A biological trigger of early puberty is uncovered by Northeastern scientists

The onset of puberty has been creeping downward for decades.

In the United States, the average age of girls reaching puberty ranges from 8.8 to 10.3 years old. The early start of puberty, which is associated with many health risks, can be triggered by chronic stress in children.

New research by Northeastern scientists has identified for the first time that early life stress affects the part of the brain — specifically, a protein in the membrane of a cell — responsible for preventing premature inception of puberty.

The brain receptor can suppress the release of hormones, or put the “brakes” on early puberty. The receptor malfunctions under chronic stress, unleashing a cascade of messaging that leads to early initiation of puberty, according to Northeastern researchers.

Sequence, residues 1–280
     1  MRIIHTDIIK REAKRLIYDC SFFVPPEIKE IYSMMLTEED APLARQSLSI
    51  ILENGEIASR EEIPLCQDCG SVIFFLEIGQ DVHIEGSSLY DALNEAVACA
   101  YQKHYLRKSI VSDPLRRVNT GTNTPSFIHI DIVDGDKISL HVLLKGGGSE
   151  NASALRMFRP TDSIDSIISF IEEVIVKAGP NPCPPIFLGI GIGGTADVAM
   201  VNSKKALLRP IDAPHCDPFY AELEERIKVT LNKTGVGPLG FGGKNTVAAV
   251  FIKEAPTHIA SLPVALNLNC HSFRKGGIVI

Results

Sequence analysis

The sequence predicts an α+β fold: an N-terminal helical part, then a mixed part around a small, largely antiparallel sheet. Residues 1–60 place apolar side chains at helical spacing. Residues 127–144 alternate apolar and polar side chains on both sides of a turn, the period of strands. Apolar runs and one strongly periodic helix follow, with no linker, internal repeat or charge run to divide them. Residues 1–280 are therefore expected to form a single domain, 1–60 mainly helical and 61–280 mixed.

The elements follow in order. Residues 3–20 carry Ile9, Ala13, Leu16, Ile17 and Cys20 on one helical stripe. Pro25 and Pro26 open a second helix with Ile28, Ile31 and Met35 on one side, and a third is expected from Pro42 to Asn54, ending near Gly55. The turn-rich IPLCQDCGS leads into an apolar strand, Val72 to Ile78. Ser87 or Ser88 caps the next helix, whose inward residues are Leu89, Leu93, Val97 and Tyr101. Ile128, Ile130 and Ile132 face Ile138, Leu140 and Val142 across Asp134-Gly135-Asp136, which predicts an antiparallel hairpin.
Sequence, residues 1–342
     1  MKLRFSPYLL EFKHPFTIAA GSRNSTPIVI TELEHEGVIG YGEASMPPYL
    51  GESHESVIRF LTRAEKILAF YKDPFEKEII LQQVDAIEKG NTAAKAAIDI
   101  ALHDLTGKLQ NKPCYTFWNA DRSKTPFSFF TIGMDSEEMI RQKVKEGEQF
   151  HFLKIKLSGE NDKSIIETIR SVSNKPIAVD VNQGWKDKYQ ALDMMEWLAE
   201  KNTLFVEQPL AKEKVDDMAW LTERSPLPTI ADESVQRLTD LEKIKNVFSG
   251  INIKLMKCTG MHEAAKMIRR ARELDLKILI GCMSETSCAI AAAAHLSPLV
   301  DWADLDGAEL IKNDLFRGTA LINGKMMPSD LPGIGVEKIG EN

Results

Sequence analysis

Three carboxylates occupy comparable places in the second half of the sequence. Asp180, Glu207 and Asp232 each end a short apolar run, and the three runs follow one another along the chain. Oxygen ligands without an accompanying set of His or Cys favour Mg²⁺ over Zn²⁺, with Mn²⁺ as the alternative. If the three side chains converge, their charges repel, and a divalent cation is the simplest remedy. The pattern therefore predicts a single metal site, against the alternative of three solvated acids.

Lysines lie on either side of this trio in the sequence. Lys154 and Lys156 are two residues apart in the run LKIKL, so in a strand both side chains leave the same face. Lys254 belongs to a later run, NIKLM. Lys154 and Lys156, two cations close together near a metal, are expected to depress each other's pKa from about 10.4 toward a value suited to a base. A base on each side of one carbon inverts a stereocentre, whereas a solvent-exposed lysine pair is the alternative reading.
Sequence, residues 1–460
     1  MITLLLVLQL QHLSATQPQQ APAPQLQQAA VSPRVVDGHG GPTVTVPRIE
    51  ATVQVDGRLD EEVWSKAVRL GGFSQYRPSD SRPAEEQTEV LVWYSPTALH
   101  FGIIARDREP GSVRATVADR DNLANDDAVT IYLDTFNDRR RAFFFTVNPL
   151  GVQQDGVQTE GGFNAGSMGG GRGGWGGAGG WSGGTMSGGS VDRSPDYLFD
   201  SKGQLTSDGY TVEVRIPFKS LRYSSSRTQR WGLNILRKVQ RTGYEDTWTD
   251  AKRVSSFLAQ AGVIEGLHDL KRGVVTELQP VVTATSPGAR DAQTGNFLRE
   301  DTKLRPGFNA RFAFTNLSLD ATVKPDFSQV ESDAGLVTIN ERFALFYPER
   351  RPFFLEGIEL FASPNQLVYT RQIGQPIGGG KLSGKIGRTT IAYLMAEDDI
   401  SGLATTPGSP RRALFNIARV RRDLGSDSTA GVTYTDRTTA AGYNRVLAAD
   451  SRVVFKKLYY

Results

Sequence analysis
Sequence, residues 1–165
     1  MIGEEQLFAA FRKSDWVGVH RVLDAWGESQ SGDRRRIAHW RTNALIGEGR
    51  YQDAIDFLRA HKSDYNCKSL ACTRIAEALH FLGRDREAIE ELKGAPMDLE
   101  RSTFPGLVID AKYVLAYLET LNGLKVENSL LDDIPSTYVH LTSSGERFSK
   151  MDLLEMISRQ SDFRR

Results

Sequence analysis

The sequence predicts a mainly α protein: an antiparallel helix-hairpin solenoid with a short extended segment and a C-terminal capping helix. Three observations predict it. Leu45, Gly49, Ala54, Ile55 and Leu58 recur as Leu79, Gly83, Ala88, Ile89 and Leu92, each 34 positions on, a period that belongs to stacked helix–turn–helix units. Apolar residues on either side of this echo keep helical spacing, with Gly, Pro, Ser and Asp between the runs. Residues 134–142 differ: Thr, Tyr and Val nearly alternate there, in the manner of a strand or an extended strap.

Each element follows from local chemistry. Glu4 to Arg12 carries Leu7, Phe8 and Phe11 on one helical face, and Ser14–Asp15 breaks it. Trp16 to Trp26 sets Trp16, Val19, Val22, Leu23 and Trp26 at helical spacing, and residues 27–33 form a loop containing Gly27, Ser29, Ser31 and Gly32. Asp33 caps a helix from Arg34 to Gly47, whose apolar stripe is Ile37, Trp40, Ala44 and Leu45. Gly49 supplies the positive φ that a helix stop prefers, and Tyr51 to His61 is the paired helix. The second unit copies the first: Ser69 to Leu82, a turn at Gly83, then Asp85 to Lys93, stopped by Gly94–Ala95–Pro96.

Children with early puberty are at risk of developing cancers of the reproductive tract, metabolic syndromes such as diabetes, cardiovascular disease, emotional and social problems later in adulthood, according to studies.

Researchers hope the findings will lead to medical interventions in the future.

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Photo by Ruby Wall/Northeastern University

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